This week Techcrunch caused a stir by reporting that Facebook are buildinga phone.This has been flatly denied by Facebook, so we’ll assume for the moment thatthe reporting was erroneous and no such phone is on the way. I’m desperatelydisappointed. To repeat a joke first made by Nat Friedman: I think I’m goingto mail $1000 to Palo Alto with a note, and sit waiting for my FacePhone.Here is why Facebook should be building a phone.

A phone is social

Nokia has apparently used its “Connecting People” advertising slogan since1992, early recognition that phones are essentially social tools. There hasbeen a huge amount bolted to phones since that time. They have become‘convergant’ devices, an amalgam of your laptop, camera, walkman, GPS andGameboy. There are some very obvious synergies between these functionalmodes and the core social networking purpose of a phone, but I see them asessentially separate. The camera is used in a pinch, the internet browserfor info on-the-run, and gaming for entertainment on-the-bog. Phones are allabout connecting people and they always will be. Unfortunately this is theaspect I believe has seen the smallest real innovation so-far in thesmartphone era.

Despite the rise and rise of Facebook the 160 char text message is still themost widely used social application with 4.1 billion text messages sentdaily. I don’t wishto belittle Facebook’s achievements here, 1 billion daily messages is truly a phenomenon.

Integration is poor

The feature most-likely to impress people when shown my Nexus One is thattheir Facebook profile photo shows up in the contact list. In-fact theFacebook integration is probably one of the best features of Android.However integration doesn’t run very deep, and in many ways is clearlybroken. Merging of contacts is somewhat hit and miss. I’ve yet to work outwhen a contact gets merged and when it is duplicated. Facebook chat doesn’twork, or at least not in the default settings. While I’m able to keep intouch with a few of my friends through Google chat, this isn’t really wheremy canonical contact list lives. Part of the contact list problem is that sofew people leave their phone numbers with Facebook, forcing me to keep twolists. A Facebook phone would surely go some-way to alleviate this issue byencouraging users to tie their Facebook and Phone accounts together.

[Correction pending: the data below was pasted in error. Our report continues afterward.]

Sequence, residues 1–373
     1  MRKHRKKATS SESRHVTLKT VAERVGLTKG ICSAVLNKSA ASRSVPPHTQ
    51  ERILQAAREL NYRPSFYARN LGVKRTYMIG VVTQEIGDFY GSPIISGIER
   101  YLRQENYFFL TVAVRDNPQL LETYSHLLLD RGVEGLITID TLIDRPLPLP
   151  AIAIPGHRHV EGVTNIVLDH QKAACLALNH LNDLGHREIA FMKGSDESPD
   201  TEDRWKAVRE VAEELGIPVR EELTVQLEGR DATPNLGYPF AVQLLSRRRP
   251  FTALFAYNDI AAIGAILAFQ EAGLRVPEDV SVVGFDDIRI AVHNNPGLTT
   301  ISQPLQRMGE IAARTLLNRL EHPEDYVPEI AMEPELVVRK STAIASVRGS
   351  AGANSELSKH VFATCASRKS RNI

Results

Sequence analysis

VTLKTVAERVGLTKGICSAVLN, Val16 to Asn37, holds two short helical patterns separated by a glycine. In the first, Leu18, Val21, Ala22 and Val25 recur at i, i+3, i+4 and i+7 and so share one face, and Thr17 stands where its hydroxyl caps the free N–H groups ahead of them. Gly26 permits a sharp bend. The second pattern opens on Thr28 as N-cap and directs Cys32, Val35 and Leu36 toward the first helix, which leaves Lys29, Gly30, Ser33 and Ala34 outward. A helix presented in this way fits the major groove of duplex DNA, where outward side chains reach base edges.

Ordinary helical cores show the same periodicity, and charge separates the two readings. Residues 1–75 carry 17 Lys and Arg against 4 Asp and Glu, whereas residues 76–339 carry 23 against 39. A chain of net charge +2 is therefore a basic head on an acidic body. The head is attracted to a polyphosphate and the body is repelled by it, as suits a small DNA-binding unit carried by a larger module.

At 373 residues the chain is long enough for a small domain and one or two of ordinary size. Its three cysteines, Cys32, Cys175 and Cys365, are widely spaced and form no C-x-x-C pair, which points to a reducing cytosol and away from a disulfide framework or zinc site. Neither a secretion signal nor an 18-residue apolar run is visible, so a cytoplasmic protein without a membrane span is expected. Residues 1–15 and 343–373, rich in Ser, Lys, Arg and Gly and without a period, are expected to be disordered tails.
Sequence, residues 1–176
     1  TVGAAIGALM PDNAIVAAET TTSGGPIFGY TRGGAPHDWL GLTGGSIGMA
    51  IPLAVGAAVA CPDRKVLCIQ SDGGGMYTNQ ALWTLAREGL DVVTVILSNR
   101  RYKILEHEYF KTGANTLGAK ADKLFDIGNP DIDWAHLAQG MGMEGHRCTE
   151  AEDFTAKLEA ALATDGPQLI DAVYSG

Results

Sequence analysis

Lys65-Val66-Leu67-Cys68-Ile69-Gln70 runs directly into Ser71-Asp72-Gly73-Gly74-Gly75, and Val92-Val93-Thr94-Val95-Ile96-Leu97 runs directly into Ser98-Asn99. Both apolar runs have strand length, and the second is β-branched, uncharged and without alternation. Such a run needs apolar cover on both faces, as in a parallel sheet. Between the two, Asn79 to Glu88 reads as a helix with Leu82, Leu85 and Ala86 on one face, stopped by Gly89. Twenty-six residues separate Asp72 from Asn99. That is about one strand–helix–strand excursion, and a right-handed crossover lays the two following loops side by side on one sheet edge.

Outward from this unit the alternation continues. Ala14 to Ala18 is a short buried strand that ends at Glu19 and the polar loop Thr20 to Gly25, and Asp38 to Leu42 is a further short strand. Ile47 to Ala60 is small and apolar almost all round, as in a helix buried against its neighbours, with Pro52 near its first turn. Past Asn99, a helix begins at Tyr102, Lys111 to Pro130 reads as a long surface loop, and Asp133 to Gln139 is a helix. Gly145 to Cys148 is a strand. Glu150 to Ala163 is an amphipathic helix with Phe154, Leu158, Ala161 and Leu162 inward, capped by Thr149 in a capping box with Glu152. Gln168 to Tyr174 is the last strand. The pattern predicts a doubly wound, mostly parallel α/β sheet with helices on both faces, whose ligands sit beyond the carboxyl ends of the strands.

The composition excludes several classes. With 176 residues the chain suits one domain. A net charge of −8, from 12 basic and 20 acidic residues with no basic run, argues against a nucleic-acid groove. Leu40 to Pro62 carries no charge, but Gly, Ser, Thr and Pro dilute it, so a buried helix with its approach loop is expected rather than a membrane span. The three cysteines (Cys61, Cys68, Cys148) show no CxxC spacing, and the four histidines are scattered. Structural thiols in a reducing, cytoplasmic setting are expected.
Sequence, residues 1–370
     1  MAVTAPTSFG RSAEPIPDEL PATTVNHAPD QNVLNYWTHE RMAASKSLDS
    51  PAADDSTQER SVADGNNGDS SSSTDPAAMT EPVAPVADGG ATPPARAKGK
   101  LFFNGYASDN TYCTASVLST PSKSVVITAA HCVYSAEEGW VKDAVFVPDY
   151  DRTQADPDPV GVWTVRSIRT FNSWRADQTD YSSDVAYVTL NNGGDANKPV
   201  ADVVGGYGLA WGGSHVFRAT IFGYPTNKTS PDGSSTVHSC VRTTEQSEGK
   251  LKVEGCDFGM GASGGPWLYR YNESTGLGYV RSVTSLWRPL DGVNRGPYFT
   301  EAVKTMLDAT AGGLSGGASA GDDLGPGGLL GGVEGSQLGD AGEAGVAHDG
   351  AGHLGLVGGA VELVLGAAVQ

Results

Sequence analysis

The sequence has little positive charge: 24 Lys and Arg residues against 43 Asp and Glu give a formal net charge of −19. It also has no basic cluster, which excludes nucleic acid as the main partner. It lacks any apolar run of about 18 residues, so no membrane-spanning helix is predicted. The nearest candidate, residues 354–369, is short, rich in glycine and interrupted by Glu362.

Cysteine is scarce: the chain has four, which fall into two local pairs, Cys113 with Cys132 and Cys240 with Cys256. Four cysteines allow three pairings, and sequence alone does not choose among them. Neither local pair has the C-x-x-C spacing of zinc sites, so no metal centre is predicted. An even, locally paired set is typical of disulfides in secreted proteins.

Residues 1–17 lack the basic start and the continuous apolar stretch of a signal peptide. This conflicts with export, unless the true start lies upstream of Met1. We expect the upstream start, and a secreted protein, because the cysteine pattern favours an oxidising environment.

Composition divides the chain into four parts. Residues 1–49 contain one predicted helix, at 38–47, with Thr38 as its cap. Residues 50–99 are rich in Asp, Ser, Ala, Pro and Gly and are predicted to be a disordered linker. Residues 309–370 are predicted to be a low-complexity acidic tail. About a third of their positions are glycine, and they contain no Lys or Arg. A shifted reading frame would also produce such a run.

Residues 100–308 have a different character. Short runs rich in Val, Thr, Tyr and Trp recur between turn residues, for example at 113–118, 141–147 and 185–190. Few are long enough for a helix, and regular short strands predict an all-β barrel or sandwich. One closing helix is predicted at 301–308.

All of the above issues could I’m sure be solved through a better, moreintegrated Facebook app experience but they will constantly be fightingagainst the vested interests closer to the consumer. Google especially hasgood reason to keep the Facebook experience poor and push its GMail / GoogleTalk experience as default on Android. The carriers would prefer consumersto continue using text messages. Although Apple doesn’t have any seriouscompetitive areas with Facebook, I doubt whether the real ownership of userexperience required for deep integration is something they wouldcountenance.

There is a golden user experience waiting to be built here. One where‘Blocking’ someone on Facebook also causes their calls to be screened.Profile pictures of long-lost friends will be shown with every phone call.Making friends could be as simple as bumping phones togetherand give you access to numbers, email and Facebook feeds. None of theexisting phone OS’s have gone far enough and the number of players involvedmakes me feel it could be a long slog.

Location means revenue

I have no idea how Facebook are doing in building their revenue stream butownership of the mobile experience is surely one way to give it a massiveboost. Facebook are the kings of social and their recent addition of‘Places’ shows that they are serious about competing with Foursquare andYelp when it comes to location. Currentlythe Foursquare experience is as integrated in-to smart phones as Places,probably more so. A better integrated experience means more check-ins.

Google might have created a huge advantage here. If they can find a way toleverage Android to get more information about user location they will havethe double whammy over Facebook in terms of user data. Google already havemore ‘purchasing intent’ when people search on their web-site. Withknowledge of where the user is they will likely have an insurmountable leadin delivering targeted advertising to consumers. Facebook is desperate toget more knowledge about their users, surely location is the next big driverfor that success?

Consumers will win

For the consumer a FacePhone is win-win, even a commercial failure wouldforce other innovators such as Goole and Apple to move at a faster pace. ForFacebook the risks are great, but so are the rewards. Please Facebook, stepup, and show us what real innovation means in mobile + social.